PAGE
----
The rule for making a maintenance entry is Section 43.9. It requires the technician performing maintenance or the pilot performing preventive maintenance provide the following information in the maintenance entry:
1. A description or reference to data acceptable to the administrator of the work performed.
2. The date of completion of the work performed.
3. The name of the person performing the work if other than the person who signs the approval for the return to service.
4. A person authorized under Section 43.7 approves the aircraft or component part for return to service.
A typical entry can look like this:
N 1995T AIRFRAME LOGBOOK PAGE 53
JANUARY 5, 1997, TACH TIME: 1423.3 HOURS,
DRAINED LEFT MAIN FUEL TANK AND REPLACED THE LEFT MAIN FUEL TANK PROBE, WITH NEW FACTORY SUPPLIED PART (PN: P78946-23). TANK REFILLED, PROBE AND COCKPIT FUEL GAUGE CALIBRATED, AND LEAK CHECKED
OK. ALL WORK WAS PERFORMED IN ACCORDANCE WITH AIR-O-DYNE AIRCRAFT MAINTENANCE MANUAL, CHAPTER 6, PAGES 112-113, REVISION 5. ALL WORK PERFORMED BY RUSTY RIVETS.
There are several things I want to point out about this sample entry. First, I’ve added the tach time. It is not required by the rule, but it sure can come in handy when researching a logbook. The second item that I recorded was the latest revision to the manual that I was using to perform the work. This tells the world the technician is familiar with the requirement in Section 43.13 in which a technician or pilot must use the “current” manufacturer’s instructions. Using the manual’s revision date or number usually satisfies this requirement.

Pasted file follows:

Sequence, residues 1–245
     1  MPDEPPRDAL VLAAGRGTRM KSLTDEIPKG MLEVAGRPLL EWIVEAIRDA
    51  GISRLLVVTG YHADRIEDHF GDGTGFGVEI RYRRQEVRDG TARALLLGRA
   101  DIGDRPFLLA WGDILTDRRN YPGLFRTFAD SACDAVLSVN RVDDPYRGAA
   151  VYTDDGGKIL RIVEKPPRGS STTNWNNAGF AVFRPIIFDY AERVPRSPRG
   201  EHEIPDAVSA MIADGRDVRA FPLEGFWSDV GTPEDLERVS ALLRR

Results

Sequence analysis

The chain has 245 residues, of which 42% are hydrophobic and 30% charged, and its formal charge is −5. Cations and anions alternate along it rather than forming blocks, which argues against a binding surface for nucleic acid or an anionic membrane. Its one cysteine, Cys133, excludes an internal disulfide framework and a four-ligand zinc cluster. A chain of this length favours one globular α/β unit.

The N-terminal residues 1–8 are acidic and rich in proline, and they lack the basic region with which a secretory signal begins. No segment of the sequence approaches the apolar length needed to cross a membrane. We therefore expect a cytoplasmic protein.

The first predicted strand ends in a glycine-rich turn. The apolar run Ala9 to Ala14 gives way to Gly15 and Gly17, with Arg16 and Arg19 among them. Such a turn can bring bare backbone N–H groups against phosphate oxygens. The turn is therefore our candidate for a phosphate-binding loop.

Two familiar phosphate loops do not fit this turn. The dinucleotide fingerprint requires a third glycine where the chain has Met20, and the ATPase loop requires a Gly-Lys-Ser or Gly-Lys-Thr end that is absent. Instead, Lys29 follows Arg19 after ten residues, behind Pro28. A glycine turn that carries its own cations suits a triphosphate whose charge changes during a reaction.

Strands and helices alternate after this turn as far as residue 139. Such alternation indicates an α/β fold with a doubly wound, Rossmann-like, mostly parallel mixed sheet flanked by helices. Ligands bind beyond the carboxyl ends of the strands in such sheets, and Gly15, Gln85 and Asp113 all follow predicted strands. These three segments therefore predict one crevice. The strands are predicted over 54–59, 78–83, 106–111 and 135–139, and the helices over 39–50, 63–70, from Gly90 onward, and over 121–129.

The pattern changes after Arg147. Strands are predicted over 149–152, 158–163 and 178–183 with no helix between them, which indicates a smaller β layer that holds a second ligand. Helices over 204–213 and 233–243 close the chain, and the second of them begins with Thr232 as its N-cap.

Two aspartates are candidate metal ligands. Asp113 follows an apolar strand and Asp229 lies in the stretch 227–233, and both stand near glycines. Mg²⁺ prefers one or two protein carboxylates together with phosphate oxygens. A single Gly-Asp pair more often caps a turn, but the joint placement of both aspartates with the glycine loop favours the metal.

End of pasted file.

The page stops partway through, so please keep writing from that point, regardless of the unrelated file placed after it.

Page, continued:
The third item was identifying the person who was working under the technician’s supervision. However, I should mention that pilots do not have the privilege to supervise preventive maintenance; they must perform it themselves.
The last point I want to make is the rule under paragraph (4) is very specific and states that a signature of the technician or pilot constitutes an approval for return to service – but only for the work performed. Therefore, it is quite possible for a technician to perform the task identified above, sign the repair off as airworthy, and the rest of the entire aircraft is a basket case.
The question that is asked now is: “How long is the technician or pilot going to be held responsible for the work performed?”
The answer is: Until that maintenance is superseded, altered, removed, replaced, or inspected. This period of culpability varies but usually is approximately a year or to the next annual inspection.
Rule #3: Inspection entries
Inspections must be recorded in accordance with Section 43.11. This rule provides the individual performing the inspection with the procedures on how to make a permanent record that either approves or disapproves an aircraft or component part for return to service.
Note that there are about as many kinds of inspections as air carrier aircraft waiting in the penalty box at Chicago’s O’Hare on a Friday afternoon. There are annuals, progressives, 100-hour, 50-hour, prepurchase, lightning strike, corrosion, hard landing, water emersion. However, they all share the same requirements for a logbook entry.